Say you were watching a post-Super Bowl news conference featuring the coach of the team that lost on the final drive. You'd expect someone to ask for his reaction, no?
Or say two players from the same team had snubbed each other on national TV. Reporters would ask each player what was up with that, right?
Or say a key player had been drawn into a much-publicized scandal leading up to the big game. It's a no-brainer that someone would ask whether the scandal had any effect.
So as I sat among hundreds of fellow reporters in the Oscars pressroom March 2, I wondered: Is the entertainment press, at least when operating on a mass scale in Hollywood, working at a level beneath that of sports journalists?
In sports, after all, for every predictable question about how a slugger felt when he belted the winning home run, there's the counterbalancing question to the pitcher who served it up. "No cheering in the press box" is a rule at sports events. There was plenty of cheering in the Oscars pressroom.
Let's set the scene: In a hotel ballroom in the mall that houses the Dolby Theatre, journalists in formalwear sit at long tables or in chairs near the stage. These reporters represent various national and international media, and if you have a question, you wave a three-digit number and hope the moderator calls on you.
Oscar recipients arrive after receiving their awards, and the late-in-the-show winners tend to hit the pressroom after the telecast has ended. So when "Gravity" director Alfonso Cuaron stepped up to discuss his best director victory (having appeared earlier as co-winner of the editing Oscar), the show already had ended with "12 Years a Slave" taking best picture.
Mind you, no one is going to win a Pulitzer for probing Cuaron's potential mixed feelings over winning best director but not best picture, but someone's got to ask. Instead, he heard this:
"So you have stated that this is not a Mexican movie, actually that it doesn't give much Mexican culture. But today you made history in Mexico. You became the first director to win an award. What does it mean to Mexico to win this award?"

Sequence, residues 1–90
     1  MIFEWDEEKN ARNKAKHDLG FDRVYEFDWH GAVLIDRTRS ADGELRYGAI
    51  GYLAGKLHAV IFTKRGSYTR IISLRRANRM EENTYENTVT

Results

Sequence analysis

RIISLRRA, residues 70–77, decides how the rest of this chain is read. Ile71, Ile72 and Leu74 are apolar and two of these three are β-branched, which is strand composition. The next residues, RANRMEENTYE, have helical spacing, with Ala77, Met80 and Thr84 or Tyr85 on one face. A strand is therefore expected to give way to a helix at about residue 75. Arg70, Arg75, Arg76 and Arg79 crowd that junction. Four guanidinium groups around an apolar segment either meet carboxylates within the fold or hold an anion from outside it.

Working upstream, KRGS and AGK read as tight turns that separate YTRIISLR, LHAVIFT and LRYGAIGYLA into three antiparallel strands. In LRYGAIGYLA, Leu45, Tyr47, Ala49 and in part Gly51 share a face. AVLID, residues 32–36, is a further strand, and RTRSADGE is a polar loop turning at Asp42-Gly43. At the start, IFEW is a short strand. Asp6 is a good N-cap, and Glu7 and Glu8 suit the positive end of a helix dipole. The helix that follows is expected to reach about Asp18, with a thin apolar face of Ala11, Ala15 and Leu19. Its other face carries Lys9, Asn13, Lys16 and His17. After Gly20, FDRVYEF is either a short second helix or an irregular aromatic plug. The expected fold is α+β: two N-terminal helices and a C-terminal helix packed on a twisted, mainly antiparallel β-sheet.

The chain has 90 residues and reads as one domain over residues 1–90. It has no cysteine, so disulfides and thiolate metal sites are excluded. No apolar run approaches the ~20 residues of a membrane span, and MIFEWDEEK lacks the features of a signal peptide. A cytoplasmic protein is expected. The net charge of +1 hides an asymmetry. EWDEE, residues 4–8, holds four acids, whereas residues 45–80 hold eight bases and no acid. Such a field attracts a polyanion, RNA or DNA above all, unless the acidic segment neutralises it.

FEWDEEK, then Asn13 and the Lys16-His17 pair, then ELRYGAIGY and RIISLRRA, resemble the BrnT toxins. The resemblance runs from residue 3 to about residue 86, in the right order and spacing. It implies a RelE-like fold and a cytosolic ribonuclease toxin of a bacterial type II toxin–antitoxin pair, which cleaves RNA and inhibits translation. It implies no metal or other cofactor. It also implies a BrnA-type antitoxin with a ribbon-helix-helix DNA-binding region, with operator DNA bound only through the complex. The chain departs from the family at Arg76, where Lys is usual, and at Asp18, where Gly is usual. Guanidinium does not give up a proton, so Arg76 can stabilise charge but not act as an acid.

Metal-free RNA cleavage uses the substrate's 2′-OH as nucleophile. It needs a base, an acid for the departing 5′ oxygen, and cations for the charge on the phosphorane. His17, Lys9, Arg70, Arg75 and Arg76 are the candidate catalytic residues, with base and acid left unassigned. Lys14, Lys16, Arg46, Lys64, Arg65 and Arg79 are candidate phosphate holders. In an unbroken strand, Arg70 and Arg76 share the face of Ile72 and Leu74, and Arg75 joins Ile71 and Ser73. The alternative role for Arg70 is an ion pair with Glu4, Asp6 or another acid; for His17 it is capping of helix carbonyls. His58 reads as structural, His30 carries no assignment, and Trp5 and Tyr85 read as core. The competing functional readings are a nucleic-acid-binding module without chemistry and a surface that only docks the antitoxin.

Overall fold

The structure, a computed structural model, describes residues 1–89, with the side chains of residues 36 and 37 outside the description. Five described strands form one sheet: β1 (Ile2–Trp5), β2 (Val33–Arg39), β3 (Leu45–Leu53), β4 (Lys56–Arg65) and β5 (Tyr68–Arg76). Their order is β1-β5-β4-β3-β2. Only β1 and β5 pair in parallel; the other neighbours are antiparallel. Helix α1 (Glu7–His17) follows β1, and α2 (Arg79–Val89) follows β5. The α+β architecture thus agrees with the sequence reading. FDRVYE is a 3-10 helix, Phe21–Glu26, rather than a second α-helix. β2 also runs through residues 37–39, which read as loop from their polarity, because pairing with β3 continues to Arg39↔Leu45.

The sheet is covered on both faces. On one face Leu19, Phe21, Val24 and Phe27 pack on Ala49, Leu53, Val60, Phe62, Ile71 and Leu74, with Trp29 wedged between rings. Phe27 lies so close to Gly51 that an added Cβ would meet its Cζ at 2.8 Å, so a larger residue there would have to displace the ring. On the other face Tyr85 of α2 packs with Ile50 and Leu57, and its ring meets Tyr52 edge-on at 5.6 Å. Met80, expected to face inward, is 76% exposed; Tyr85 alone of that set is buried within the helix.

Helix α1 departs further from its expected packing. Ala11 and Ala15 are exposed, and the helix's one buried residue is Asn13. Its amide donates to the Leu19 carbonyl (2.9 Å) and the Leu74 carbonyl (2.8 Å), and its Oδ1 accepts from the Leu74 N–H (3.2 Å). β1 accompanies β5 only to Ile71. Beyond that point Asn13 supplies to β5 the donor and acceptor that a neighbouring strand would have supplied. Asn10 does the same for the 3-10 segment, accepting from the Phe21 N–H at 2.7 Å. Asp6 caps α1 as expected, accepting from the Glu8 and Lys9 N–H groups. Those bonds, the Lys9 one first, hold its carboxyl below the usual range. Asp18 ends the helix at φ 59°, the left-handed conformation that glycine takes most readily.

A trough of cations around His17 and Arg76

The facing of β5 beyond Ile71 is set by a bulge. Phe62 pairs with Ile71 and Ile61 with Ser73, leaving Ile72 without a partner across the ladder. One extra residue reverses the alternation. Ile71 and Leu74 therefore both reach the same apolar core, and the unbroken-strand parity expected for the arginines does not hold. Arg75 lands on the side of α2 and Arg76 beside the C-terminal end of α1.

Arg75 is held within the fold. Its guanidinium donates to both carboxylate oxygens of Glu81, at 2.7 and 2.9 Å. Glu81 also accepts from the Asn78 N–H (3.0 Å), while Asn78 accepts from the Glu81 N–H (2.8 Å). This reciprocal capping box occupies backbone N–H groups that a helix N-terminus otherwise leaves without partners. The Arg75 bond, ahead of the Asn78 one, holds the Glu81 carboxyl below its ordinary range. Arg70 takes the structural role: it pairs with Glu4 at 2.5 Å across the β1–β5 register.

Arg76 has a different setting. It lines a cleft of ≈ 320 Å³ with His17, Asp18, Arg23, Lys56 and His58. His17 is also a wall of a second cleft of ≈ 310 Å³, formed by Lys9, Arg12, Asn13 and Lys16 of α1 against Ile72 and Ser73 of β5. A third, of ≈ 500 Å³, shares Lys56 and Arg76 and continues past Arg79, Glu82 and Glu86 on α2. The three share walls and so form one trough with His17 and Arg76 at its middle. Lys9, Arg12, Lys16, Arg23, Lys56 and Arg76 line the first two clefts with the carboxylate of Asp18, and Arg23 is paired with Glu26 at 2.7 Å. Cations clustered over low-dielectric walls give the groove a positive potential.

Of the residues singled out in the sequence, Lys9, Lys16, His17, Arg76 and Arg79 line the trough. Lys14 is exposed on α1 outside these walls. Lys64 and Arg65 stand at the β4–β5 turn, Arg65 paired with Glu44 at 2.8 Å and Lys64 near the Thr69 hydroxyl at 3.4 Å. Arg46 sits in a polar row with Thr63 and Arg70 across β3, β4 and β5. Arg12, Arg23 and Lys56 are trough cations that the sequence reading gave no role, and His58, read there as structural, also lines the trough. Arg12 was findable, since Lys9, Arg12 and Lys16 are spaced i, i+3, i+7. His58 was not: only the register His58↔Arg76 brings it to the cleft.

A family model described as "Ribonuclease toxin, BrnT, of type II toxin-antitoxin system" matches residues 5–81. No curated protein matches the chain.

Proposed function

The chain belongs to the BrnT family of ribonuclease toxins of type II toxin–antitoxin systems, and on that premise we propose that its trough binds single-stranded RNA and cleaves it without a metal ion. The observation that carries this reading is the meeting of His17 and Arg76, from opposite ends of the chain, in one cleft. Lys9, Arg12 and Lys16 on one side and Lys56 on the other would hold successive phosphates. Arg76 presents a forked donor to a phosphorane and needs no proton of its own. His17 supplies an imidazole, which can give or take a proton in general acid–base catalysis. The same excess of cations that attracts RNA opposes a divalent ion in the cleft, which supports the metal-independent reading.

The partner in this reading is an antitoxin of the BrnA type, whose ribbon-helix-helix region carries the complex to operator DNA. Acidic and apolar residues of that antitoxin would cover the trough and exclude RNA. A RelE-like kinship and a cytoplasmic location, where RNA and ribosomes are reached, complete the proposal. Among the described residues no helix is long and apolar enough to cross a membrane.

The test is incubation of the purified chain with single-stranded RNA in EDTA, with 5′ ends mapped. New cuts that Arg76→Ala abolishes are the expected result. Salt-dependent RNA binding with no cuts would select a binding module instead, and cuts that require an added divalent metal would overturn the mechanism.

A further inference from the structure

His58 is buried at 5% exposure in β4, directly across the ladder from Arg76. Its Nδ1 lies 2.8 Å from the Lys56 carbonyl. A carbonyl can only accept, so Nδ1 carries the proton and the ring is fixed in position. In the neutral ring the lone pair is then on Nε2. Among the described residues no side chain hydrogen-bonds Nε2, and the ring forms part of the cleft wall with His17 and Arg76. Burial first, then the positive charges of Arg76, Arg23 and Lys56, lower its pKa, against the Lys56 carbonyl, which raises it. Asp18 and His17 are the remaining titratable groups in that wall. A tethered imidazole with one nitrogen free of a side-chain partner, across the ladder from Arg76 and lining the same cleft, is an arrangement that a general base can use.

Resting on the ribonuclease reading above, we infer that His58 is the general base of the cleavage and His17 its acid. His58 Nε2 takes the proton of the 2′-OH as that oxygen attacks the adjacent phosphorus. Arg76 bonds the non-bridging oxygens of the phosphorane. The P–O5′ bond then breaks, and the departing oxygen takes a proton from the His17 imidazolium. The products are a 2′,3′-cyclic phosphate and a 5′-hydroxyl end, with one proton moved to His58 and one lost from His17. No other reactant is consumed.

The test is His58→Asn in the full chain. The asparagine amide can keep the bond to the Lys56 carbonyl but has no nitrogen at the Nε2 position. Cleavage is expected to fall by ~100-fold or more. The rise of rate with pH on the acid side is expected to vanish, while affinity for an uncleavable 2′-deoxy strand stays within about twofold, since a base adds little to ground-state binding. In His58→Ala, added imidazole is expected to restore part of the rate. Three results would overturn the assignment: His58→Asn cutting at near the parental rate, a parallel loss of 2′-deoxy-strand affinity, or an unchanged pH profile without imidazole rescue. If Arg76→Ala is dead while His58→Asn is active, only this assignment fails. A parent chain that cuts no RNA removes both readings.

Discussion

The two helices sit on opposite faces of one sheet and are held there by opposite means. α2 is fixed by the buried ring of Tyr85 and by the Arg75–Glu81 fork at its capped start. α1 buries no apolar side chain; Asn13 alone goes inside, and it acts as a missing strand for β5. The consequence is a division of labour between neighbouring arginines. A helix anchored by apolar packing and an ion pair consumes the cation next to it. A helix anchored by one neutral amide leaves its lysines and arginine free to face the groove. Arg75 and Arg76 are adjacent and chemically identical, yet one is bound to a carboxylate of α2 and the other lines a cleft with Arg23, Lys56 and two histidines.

"What exactly were you thinking at that moment right before they announced your name?"
"You've got an Oscar in each hand. How does that feel?"
Another question began, "First of all, big fan … Wonderful to see this fulfillment." (All quotes are from the official Oscars transcripts.)
There are some common themes to pressroom questions: 1) an attempt to tie the news to reporters' home bases; 2) an attempt to keep the good mood going; 3) an attempt to link interviewer and victor. We're all dressed up and are breathing these stars' rarified air, so we'd rather feel we're on the inside than the outside, even if that means asking winner after winner, "Where will you keep the Oscar in your house?" as one reporter did.
Yet when the evening presents something resembling actual news, insider aspirations become a hindrance. No shortage of Oscar watchers noticed the chill between "12 Years a Slave" adapted screenplay winner John Ridley, who didn't acknowledge director-producer Steve McQueen in his acceptance speech, and McQueen, who likewise didn't mention Ridley when collecting the best picture Oscar. The apparent rift had been much discussed online by the time Ridley arrived backstage.
So here's how the Q-and-A with Ridley opened:
Q: I talked to you on the red carpet.
Q: I told you you were going to win.
A: You did.
Q: I absolutely did. Congratulations.